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Advertising and body image

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  1. Introduction
  2. The policies on the subject of body image
  3. The effects of advertising on body image
  4. The thinness of the models used in advertising
  5. The positive results for the problem of body image in advertising messages
  6. The effects of advertising on men's body image
  7. A content analysis of sole male images
  8. Conclusion
  9. Works cited

There has been a decrease of Women's ideal weight as depicted in magazine in the last 40 years, and the average model is more than 20% underweight (Wiseman, Gray, Mosimann, and Ahrens, 1992). A staggering 99% of traditional women models are found to be underweight (Halliwell and Dittmar, 2004). These figures aren't surprising, and shouldn't be. We as a society have grown accustomed to images of skinny women in advertising and other media. Concern over this issue is ever increasing. In June 2000 the government in the UK held a body image summit to discuss the necessity for policies on the subject of body image.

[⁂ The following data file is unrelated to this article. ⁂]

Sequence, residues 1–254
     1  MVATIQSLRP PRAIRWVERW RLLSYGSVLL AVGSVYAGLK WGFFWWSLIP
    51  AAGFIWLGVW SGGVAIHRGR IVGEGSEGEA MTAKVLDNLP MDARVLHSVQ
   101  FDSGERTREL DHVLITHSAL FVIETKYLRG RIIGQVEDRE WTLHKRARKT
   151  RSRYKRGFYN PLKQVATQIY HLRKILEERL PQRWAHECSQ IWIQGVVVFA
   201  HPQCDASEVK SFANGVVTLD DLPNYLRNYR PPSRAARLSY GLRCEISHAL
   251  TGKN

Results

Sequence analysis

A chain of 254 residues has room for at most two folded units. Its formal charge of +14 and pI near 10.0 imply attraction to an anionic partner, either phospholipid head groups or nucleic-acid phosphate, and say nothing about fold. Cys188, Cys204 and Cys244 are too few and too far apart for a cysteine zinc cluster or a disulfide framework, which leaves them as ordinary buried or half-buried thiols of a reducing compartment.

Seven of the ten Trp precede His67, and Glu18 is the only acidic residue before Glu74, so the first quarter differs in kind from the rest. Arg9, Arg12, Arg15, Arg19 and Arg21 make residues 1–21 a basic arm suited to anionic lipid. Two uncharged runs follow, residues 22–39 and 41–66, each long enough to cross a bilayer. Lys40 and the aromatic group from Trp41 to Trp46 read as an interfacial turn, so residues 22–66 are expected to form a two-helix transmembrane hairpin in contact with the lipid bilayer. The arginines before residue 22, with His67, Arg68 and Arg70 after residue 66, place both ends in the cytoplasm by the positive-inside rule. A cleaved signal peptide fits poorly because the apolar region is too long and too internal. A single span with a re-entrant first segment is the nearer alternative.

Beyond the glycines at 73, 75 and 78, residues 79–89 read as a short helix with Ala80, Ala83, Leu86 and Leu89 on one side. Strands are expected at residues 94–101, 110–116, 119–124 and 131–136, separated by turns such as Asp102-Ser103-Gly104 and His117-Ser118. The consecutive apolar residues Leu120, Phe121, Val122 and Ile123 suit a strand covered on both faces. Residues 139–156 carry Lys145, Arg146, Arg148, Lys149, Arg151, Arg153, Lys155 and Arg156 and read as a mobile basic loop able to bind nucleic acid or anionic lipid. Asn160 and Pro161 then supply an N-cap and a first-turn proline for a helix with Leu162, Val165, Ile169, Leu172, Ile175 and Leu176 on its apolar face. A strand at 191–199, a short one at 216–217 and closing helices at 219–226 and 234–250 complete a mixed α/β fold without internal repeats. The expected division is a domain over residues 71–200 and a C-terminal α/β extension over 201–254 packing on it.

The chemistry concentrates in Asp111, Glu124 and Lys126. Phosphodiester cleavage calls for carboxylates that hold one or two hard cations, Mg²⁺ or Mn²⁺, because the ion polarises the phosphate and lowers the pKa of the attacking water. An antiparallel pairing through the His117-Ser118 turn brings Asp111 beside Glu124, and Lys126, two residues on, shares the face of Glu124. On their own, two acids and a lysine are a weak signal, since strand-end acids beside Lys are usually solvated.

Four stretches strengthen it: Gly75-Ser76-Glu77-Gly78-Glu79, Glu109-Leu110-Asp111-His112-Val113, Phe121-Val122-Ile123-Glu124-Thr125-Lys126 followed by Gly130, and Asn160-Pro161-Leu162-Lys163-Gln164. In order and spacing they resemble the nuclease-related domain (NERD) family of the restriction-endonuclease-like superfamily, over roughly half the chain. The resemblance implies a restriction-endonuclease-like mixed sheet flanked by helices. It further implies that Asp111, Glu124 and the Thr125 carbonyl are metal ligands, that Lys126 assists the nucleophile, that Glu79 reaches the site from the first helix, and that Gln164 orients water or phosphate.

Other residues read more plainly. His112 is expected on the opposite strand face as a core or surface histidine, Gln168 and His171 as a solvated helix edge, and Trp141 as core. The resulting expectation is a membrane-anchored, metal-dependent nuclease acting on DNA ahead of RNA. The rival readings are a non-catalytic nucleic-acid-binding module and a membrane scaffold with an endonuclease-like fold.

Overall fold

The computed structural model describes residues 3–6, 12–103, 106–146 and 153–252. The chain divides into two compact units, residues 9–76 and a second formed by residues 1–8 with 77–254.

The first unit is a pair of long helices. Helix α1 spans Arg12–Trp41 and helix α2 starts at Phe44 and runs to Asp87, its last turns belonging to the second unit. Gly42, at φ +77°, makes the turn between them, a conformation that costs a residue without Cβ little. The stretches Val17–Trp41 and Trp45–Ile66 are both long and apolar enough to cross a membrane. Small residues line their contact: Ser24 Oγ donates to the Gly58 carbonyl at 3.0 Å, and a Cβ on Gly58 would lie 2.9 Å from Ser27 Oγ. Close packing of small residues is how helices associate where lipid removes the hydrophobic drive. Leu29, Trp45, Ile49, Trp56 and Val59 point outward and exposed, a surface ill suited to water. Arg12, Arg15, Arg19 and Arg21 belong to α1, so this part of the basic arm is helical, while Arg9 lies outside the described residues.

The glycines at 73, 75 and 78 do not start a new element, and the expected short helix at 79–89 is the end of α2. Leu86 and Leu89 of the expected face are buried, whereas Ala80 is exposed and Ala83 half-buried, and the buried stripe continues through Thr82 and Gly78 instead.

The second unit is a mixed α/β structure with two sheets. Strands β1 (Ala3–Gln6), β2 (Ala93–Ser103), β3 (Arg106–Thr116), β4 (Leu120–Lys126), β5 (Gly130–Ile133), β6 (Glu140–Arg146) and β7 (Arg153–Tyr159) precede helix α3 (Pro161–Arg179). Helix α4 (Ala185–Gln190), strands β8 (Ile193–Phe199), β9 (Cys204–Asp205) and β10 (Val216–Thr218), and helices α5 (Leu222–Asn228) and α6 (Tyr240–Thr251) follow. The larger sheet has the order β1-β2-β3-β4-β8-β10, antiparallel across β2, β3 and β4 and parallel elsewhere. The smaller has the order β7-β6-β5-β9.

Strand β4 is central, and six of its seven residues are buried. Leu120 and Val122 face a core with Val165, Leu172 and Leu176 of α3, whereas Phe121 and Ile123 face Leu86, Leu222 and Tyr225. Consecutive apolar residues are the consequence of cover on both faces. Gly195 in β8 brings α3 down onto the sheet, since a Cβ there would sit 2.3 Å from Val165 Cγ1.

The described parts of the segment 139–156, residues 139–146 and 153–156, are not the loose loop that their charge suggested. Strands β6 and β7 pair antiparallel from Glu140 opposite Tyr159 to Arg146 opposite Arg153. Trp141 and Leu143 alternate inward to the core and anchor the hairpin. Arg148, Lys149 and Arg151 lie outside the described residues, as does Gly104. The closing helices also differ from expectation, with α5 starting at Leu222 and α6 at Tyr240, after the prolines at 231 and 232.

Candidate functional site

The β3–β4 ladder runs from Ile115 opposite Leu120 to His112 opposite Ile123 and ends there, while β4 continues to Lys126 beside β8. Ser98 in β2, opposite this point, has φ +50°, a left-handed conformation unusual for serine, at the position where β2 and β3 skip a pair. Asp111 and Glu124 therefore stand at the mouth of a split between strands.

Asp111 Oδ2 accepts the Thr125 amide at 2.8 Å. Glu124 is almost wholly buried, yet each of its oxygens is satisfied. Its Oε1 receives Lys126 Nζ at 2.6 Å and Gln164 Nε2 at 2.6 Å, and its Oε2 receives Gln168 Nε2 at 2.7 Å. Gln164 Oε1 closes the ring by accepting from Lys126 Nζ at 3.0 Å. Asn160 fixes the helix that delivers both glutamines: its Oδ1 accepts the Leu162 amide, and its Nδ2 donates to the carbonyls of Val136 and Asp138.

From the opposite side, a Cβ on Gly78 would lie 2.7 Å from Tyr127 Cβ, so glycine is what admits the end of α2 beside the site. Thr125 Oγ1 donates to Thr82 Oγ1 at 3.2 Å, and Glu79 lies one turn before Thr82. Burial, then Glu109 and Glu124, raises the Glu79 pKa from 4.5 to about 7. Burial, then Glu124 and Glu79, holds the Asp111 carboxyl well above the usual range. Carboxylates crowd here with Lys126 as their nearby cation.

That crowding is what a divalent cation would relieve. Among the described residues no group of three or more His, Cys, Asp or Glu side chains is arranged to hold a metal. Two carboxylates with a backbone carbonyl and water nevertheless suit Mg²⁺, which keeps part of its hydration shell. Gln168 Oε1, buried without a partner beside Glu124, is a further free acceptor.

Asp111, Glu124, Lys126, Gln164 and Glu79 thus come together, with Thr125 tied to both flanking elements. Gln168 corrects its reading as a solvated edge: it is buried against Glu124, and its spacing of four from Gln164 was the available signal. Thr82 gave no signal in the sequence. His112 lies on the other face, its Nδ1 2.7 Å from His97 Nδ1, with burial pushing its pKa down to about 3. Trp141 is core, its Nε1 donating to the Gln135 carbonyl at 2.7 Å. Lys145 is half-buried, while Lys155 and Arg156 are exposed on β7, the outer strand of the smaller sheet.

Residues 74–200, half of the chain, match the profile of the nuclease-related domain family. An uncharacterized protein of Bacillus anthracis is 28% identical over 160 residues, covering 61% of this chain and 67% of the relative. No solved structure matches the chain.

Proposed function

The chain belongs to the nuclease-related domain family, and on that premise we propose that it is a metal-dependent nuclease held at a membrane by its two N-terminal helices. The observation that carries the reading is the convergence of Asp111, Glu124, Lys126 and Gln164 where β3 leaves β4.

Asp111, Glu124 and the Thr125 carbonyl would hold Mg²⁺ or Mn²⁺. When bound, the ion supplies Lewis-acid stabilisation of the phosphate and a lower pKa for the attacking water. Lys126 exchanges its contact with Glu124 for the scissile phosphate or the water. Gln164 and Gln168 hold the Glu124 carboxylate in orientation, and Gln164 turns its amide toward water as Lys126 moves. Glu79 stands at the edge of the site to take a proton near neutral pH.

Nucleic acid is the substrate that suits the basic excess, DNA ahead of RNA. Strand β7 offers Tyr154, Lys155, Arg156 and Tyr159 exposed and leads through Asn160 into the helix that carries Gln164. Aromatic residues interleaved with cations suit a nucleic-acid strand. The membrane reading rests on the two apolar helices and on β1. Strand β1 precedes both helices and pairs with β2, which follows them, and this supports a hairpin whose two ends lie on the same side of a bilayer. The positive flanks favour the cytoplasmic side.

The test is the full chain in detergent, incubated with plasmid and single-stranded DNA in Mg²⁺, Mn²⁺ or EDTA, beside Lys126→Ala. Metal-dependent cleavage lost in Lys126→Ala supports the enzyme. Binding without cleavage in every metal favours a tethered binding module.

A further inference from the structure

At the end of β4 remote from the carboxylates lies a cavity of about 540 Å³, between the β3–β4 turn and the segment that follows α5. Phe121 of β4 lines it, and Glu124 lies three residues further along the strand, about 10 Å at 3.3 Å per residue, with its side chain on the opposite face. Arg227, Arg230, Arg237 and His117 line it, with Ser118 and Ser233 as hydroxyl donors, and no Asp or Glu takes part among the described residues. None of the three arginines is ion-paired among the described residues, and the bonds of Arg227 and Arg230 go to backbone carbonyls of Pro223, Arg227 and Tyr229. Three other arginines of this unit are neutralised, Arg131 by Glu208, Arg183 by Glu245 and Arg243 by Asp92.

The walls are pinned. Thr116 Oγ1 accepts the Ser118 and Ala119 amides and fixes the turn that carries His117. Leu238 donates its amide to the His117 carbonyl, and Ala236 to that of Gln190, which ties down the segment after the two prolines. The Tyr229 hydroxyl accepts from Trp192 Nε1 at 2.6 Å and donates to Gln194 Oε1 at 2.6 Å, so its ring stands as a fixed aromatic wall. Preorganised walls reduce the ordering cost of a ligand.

[...] This study's purpose was to demonstrate that the thinness of the models used in advertising, not the attractiveness that is a problem for women's body image anxiety. And it was demonstrated well, as the thin model produced more body-focused anxiety among susceptible women. The study used participants that included women in a large age range, with the average age of a participant of the study at 31. It was shown that young women aren't the only ones susceptible to body size anxiety, as women across a wider age range were shown to also be negatively affected advertising that features thin size models. [...]

[...] These studies have displayed positive results for the problem of body image in advertising messages. If thin and normal size models share the same advertising effectiveness and the advertising industry supports this, then society could benefit by seeing more normal size models in ads than thin size models. It has constantly been demonstrated through numerous studies, and it is not difficult to believe, that thin models in advertisements generate a higher body dissatisfaction in viewers than normal size models. Higher body dissatisfaction has been indicated to predict eating-disorder symptoms among young women (Halliwell, Dittmar, and Howe, 2005). [...]

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